Since I'm eligible for social security benefits, I've got retired-time now to solve the world's problems. After pondering where to start over several Grande Christmas Blend coffees at Starbucks, here's my choice:
Shortening winter to one month.
I picked this problem rather than nuclear disarmament, famine, environmental degradation, or Middle East peace for a couple of reasons.
One, winter is my least favorite season, so I'm personally motivated to shorten it as much as possible. Two, with sufficient caffeine in my system to stimulate my steadily aging brain, it didn't take me long to figure out a way to make winter last one month.
Before revealing this solution to my fellow winter-haters, a suggestion: you will find what I have to say more convincing if you're in the right frame of mind.
By which I mean, sufficiently inebriated and/or stoned to recognize the brilliance of my logic -- which may seem illogical to those who refuse to free their minds from the confines of a calendarcentric way of looking upon reality.
If you've had that second (or better yet, third) glass of wine or joint of marijuana, read on...
Here in the Oregon'ish reaches of the northern hemisphere, I've always considered the seasons to be composed of whole months, with winter running from December to February. Pleasingly, this also is how Wikipedia says meteorologists view seasonality:
Meteorological seasons are reckoned by temperature, with summer being the hottest quarter of the year and winter the coldest quarter of the year. Using this reckoning, the Roman calendar began the year and the spring season on the first of March, with each season occupying three months.
In 1780 the Societas Meteorologica Palatina, an early international organization for meteorology, defined seasons as groupings of three whole months. Ever since, professional meteorologists all over the world have used this definition. So, in meteorology for the Northern hemisphere: spring begins on 1 March, summer on 1 June, autumn on 1 September, and winter on 1 December.
So winter is bracketed by autumn's September, October, November and spring's March, April, May.
OK, let's work with that, squeezing winter from both sides until a couple of months drop off. Psychologically -- which is all that counts, since the sun and tilt of the Earth are going to keep on doing their thing. (This is why you need to be in that special frame of mind.)
Having come to the last days of November, let's hearken back to the early part of the month. It was warmer and nicer, right? After all, November is part of fall, a.k.a. autumn.
Thanksgiving isn't a winter holiday. Neither is Halloween. When a few weeks are added on to the end of fall, that's no big deal. Just a rounding error. The early part of December is a continuation of autumn, really.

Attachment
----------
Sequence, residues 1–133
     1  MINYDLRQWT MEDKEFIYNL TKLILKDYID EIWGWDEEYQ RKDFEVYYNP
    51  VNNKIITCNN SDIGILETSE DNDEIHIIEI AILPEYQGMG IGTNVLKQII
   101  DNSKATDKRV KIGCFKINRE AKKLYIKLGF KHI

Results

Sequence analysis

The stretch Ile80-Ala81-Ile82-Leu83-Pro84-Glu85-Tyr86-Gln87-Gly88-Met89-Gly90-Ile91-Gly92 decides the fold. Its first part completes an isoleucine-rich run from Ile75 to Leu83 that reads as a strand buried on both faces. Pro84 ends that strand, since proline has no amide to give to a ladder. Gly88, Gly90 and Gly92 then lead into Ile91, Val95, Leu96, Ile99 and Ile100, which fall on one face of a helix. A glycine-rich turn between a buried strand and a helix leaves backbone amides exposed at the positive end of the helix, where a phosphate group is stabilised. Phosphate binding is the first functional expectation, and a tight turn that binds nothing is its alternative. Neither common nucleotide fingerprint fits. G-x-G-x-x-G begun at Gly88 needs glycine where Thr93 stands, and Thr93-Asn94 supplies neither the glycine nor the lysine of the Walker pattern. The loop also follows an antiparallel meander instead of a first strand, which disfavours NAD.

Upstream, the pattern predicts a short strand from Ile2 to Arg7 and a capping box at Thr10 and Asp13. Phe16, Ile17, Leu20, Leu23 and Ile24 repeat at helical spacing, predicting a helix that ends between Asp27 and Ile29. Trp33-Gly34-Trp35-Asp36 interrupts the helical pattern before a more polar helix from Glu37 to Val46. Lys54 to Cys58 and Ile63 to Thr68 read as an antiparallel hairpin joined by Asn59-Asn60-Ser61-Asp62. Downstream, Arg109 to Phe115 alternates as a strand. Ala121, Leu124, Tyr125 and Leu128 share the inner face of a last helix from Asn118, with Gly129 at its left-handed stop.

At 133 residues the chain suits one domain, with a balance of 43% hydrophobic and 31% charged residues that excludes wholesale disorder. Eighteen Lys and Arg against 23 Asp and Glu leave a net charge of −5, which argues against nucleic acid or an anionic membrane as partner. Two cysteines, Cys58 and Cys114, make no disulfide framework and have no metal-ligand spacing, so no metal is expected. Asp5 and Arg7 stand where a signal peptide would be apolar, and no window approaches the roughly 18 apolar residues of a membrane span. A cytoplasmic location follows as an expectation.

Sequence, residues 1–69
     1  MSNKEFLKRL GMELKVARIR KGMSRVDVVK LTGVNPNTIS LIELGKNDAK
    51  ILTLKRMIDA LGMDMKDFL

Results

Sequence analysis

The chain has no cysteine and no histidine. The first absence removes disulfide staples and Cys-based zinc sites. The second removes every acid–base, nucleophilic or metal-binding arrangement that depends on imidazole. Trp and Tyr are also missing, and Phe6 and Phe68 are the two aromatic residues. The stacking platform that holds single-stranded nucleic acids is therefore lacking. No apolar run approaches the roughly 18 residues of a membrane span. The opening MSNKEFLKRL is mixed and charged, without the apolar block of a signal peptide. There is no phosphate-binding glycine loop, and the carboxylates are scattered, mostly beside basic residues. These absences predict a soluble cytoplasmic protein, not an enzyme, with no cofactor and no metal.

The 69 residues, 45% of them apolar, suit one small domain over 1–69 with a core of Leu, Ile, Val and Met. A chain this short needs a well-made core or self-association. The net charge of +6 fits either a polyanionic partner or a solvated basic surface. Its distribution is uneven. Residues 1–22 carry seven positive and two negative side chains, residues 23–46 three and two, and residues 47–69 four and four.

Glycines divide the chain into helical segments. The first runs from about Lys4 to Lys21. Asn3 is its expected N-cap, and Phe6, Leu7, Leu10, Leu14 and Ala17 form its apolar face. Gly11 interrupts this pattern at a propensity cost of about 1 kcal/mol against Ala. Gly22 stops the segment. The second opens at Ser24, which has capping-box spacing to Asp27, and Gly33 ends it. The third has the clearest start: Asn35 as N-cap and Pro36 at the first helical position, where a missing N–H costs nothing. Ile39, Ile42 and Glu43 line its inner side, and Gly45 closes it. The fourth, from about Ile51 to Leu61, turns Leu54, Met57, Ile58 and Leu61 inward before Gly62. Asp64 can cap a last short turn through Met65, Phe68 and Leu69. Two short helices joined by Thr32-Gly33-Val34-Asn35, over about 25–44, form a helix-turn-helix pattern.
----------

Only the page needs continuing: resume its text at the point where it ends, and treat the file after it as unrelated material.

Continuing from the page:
And the last part of December... that's a whirlwind of shopping, parties, decorating, standing in line at the post office, and realizing on December 23 you forgot to get a gift which means forking out more for overnight delivery than the damn thing costs.
With all that craziness going on, there's no way to focus on the seasons. Thus the only part of December that might fall into what we used to call "winter" is the first few weeks, and we've decided that this actually is autumn.
Ergo: December isn't a winter month. Let's move on.
To February, the gateway to spring since it nuzzles up to March. In March daylight savings time returns, making late afternoons much sunnier. Bulbs pop up, bringing color to gardens. Like they say, "March comes in like a lion and goes out like a lamb."
But hey, who are they to make such a hard and fast statement? Lions have been known to lay down with lambs. (I found this photo on the Internet, so it must be real.)
And then extend that nice spring weather back a few weeks. After all, global warming is happening. Spring is coming earlier.
The season can now be expected to arrive a week and a half earlier than it did in the mid 1970s, the wide-ranging study of plant and animal behaviour found.
Daffodils now commonly bloom in January and swallows can arrive in February rather than March.
Yes! Science rules! We must obey!
February now is part of spring, not winter. Mission accomplished: winter has been shortened to one month, January.
We can handle that. It isn't difficult to get through four measly weeks of winter.
Here in the United States, watching the national championship football game and Super Bowl can take up a good share of two of those weeks -- especially with a proper amount of napping before and after the games.
So winter isn't anything to get chilled about. It won't start until January 1 and will be over in thirty-one days. Happy almost-Spring!